Thursday, September 03, 2009

Canadians Don't Know What A "Co-Pay" Is

Update #1: I found the above video on Some background on how the video came about, from Karoli via the source link:
"In the spirit of truth, my friend Matte Black (@Shoq on Twitter) and his brother took their video camera to Canada on vacation to interview Canadians about their health care system. When we talked about it, I asked him to try to get negative views with specifics for balance. Here is the result. It has been edited for brevity, but the negative views were not removed, because there were none. He could not find one Canadian who thought they should kill the system. These are everyday people. They have no agenda at all other than being patriotic Canadians."
Update #2: I was wondering, since Canada manages to cover everyone, if their taxes are higher. I found this from the Denver Post:
Debunking Canadian Health Care Myths
"In actuality, taxes are nearly equal on both sides of the border. Overall, Canada's taxes are slightly higher than those in the U.S. However, Canadians are afforded many benefits for their tax dollars, even beyond health care (e.g., tax credits, family allowance, cheaper higher education), so the end result is a wash. At the end of the day, the average after-tax income of Canadian workers is equal to about 82 percent of their gross pay. In the U.S., that average is 81.9 percent."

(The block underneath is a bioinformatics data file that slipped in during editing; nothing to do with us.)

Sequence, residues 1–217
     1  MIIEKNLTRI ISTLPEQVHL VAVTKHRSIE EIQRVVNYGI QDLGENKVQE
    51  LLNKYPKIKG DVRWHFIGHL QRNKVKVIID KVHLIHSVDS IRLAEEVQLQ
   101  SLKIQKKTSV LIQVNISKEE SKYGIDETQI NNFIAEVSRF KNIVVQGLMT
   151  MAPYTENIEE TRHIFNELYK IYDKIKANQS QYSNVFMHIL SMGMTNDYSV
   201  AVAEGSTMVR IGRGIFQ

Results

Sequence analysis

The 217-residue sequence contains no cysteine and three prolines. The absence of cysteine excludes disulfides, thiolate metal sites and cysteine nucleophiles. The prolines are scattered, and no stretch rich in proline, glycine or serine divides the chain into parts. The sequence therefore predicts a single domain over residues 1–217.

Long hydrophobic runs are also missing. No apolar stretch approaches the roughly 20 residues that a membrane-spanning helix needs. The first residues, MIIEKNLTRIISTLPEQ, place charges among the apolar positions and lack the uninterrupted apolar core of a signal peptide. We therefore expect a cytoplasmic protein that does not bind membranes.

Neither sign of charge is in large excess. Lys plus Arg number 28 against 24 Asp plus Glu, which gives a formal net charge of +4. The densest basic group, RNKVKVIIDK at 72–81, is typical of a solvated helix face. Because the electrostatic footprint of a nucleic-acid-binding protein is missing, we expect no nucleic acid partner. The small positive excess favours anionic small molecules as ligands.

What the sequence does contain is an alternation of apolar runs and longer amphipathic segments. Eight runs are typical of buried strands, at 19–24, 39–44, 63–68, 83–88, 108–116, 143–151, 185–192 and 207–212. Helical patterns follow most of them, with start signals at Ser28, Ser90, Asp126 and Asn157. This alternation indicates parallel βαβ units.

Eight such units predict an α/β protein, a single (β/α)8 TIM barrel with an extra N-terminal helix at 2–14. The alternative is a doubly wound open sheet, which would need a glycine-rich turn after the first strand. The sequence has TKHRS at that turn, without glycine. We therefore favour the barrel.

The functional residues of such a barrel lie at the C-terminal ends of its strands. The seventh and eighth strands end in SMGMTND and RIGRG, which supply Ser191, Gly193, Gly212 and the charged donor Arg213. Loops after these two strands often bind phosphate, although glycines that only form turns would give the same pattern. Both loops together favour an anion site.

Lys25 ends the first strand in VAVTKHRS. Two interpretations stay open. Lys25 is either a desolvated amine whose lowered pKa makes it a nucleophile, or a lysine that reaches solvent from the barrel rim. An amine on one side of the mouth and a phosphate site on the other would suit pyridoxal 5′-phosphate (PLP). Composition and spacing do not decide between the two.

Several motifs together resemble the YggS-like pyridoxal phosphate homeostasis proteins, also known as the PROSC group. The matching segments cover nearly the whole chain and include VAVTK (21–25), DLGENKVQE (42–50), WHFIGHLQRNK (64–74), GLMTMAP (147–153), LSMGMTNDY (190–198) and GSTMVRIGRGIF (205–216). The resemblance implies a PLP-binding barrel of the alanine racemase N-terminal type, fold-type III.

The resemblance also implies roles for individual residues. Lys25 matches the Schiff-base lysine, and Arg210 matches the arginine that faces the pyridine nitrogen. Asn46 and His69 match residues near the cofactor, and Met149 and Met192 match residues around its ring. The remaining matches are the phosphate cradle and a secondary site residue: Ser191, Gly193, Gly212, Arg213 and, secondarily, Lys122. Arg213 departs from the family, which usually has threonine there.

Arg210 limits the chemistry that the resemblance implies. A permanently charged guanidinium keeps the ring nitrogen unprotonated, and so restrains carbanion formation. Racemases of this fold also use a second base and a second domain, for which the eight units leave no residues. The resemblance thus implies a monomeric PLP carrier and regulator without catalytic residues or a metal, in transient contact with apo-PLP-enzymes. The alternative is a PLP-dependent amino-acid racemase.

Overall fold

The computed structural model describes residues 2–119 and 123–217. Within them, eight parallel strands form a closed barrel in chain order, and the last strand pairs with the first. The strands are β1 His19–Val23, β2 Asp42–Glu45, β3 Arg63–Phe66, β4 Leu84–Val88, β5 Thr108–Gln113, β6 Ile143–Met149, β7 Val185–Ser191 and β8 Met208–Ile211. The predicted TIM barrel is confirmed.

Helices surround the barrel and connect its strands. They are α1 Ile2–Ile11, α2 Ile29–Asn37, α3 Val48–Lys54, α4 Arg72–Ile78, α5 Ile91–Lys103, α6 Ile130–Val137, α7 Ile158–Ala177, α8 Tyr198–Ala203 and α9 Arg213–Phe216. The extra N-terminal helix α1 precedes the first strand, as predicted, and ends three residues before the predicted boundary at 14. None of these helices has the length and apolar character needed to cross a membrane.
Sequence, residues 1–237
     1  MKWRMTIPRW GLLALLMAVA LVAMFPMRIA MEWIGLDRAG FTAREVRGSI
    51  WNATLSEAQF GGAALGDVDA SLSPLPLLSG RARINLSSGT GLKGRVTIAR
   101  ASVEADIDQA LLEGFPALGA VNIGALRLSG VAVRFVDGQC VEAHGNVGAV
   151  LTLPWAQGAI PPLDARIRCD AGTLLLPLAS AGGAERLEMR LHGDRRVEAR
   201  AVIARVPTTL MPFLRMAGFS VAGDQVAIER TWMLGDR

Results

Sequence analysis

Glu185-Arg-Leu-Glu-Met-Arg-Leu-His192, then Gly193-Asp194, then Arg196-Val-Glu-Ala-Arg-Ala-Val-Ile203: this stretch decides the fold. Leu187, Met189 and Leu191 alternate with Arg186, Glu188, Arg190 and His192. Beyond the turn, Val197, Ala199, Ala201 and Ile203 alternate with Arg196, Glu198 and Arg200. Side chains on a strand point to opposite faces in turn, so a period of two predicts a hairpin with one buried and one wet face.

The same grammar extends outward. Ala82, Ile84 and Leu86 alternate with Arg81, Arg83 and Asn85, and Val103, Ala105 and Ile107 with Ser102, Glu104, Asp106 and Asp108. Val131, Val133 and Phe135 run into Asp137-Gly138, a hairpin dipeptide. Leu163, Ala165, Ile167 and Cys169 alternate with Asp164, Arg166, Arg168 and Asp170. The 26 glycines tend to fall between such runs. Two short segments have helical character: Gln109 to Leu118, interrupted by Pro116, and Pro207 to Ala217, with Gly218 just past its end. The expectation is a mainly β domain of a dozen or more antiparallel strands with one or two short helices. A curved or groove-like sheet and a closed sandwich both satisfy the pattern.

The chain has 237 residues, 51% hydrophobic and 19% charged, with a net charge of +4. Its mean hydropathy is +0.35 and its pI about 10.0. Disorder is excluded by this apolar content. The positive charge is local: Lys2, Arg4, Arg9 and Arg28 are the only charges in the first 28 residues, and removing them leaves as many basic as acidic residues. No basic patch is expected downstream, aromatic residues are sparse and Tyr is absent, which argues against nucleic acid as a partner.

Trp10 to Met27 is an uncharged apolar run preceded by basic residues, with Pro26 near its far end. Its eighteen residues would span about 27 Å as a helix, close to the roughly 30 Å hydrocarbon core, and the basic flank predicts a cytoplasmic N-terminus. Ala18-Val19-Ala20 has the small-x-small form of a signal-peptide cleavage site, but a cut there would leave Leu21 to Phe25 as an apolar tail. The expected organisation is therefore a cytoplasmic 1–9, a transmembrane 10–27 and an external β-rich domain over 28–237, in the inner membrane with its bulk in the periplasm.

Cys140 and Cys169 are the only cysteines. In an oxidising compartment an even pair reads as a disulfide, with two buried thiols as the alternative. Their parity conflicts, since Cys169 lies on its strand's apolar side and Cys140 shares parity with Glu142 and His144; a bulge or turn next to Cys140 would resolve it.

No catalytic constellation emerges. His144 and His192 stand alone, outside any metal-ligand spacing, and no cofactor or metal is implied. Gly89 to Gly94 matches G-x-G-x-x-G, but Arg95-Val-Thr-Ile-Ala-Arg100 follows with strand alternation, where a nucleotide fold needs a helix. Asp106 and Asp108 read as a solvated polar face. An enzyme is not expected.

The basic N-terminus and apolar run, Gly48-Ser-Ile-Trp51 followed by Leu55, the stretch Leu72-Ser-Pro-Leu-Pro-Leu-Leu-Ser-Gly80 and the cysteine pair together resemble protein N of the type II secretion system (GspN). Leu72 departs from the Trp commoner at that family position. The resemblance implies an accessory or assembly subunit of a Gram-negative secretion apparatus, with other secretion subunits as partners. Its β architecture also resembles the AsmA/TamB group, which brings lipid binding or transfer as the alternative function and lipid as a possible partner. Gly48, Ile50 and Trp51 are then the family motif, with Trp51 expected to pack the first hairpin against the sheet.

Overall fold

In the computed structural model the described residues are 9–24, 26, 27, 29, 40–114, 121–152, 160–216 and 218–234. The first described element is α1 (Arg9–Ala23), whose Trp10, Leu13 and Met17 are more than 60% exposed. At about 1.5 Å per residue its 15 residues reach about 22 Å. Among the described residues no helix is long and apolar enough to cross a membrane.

Anonymous said...

Everyone in America should watch this video. I'm sending it to everyone I know. Thanks Bix.


Anonymous said...

Canadians can keep their healthcare. No thank you. I know many canadian who come to Florida in the winter. They have private health insurance for Canada and them get the majority of their care when their in Florida. Of course, these are the wealthy ones, the majority of the population waits and waits and waits. You must have found the five canadians who like their healthcare. I'm going to send this to all my friends so they can get a good laugh.

Bix said...

I want to not know what a co-pay is.

Perovskia said...

Pfft.. *I* want to know what a co-pay is.

Anonymous #2 - I'm sorry you find our health care so laughable. I'm not complaining. I get treated when I need to get treated. I don't "wait and wait and wait" and there's no reason anyone rich or poor, should get discriminated against health care. This video is normal to me and what most Canadians think of our health care. I didn't think it was a perfect representation, but it's close. I think there's more to laugh at the video, than the topic.

Anonymous said...

You can pay people to say they like anything.

Bix said...

Perovskia, I'm glad you weighed in. I was curious what you thought.